“Cost of living crisis”, “Energy price hike” and “Inflation” are the new buzz terms we hear everyday all throughout the media. Clearly costs for the average working person are going through the roof and vastly outstripping wages, however at the same time something a strange is happening; The term “staffing crisis” is becoming normalised and used frequently, as businesses across the country struggle to find the employees they need.
At what point as a country, do we sit down and honestly reflect on whether one of our key economic systems are still functional, without hysterics or virtue signalling nonsense. The UK had a slight lucid moment during the height of the Covid pandemic when our healthcare providers were running dangerously short of PPE and we started a national conversation (albeit muted) on whether our global supply chains had become too complex/long and whether there was a need for the domestic production of strategic and necessary goods. This questioning of the defunct status quo has led to a significant onshoring of PPE production with a number of NHS trusts setting up or commission local production. It remains to be seen whether the whole of the PPE supply chain will be on shored (including raw goods) to make it a significant change or whether it is just the final stage of production.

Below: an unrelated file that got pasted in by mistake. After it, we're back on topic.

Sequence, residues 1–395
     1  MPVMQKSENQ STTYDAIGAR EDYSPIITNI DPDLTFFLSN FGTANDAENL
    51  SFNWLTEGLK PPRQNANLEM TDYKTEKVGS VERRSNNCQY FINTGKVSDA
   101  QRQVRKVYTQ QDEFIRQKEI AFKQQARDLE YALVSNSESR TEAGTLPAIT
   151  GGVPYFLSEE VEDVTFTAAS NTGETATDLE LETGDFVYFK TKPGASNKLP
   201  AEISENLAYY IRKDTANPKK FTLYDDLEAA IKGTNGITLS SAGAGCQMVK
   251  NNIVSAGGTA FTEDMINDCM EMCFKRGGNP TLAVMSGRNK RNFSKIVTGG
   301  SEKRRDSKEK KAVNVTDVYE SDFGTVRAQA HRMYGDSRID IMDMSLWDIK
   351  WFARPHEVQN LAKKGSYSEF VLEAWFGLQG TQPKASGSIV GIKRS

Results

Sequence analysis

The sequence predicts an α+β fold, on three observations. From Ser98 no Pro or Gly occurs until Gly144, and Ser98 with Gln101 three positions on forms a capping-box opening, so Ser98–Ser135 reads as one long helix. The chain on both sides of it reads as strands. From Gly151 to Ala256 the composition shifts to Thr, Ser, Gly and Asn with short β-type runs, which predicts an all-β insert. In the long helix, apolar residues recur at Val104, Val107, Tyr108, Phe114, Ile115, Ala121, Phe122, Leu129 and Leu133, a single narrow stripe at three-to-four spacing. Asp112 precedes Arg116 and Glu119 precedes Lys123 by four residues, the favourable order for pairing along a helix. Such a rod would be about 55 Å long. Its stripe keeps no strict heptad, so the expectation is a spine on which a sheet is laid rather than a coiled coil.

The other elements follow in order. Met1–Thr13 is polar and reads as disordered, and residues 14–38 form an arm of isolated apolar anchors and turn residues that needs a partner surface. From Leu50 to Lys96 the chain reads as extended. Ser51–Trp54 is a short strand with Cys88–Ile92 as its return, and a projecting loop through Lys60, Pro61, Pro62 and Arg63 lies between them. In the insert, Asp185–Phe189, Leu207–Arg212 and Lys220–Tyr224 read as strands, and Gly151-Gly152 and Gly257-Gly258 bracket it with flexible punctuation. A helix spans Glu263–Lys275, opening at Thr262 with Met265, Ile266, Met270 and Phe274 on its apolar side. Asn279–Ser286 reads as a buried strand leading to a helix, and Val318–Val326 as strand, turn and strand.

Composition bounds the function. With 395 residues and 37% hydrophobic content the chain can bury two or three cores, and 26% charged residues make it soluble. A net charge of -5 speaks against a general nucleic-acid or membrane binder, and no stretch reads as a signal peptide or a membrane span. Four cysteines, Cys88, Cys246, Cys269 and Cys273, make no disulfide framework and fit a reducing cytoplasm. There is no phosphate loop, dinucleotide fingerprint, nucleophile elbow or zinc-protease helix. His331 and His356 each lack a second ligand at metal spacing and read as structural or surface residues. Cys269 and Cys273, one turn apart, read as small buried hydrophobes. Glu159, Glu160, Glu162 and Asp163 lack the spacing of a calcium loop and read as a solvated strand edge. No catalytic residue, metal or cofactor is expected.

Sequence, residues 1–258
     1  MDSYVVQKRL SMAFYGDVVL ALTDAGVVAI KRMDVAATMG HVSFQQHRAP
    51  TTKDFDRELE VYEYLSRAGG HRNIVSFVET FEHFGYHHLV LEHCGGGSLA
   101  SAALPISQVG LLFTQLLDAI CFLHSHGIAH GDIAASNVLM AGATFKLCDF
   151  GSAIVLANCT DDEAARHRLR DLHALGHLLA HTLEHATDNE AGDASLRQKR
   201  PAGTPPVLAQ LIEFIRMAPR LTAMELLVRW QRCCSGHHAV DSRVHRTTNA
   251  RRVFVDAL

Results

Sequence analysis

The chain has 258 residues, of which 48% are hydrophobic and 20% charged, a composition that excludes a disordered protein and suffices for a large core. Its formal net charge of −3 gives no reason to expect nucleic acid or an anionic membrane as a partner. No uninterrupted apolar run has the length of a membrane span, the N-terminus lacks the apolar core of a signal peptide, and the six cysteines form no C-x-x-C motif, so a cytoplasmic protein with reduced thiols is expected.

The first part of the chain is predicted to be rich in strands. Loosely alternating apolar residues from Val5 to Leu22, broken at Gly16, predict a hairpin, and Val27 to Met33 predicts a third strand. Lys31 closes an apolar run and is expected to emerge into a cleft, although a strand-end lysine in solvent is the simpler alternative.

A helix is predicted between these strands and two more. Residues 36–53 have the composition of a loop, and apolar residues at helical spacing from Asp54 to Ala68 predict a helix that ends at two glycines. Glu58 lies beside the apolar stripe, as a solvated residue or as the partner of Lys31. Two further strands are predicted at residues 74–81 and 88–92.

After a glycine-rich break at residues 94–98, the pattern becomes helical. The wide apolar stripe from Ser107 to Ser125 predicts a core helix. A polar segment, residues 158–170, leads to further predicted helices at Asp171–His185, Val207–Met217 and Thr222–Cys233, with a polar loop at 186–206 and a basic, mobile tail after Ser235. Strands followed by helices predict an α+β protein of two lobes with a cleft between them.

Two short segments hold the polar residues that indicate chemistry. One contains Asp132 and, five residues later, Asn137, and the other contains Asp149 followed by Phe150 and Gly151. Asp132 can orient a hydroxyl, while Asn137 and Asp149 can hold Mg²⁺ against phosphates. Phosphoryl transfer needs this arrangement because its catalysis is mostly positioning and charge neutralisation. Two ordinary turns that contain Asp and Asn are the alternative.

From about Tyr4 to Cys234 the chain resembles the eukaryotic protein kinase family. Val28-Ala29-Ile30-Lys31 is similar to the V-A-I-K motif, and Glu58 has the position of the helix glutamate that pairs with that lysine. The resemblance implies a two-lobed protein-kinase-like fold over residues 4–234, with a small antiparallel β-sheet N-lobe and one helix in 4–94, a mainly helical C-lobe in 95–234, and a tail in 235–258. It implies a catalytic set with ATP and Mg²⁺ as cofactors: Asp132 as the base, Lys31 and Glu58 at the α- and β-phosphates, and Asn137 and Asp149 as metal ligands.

It took a national disaster for a half-hearted discussion on domestic manufacturing, so will we need to wait for an all-out economic collapse before we admit the world of work is no longer fit for purpose. The economic participation rates are still 1-2% lower for UK residence than before the pandemic, with unemployment rates at roughly the same level. We have seen hundreds of thousands of people check out of the jobs market, when at the same time vacancies are at an all time high. Our political and economic leaders are brushing over this frightening statistic and are refusing to acknowledge the labour market has been becoming increasingly dysfunctional over the past decades.
So, what can be done to prevent economic collapse, what can be done to fix the labour market?
First we need to have an honest debate acknowledging the problem and second we need to collectively admit we cannot keep using a model which no longer works. Then and only then can we look at new ways of work, that both meet the needs of employers and employees alike.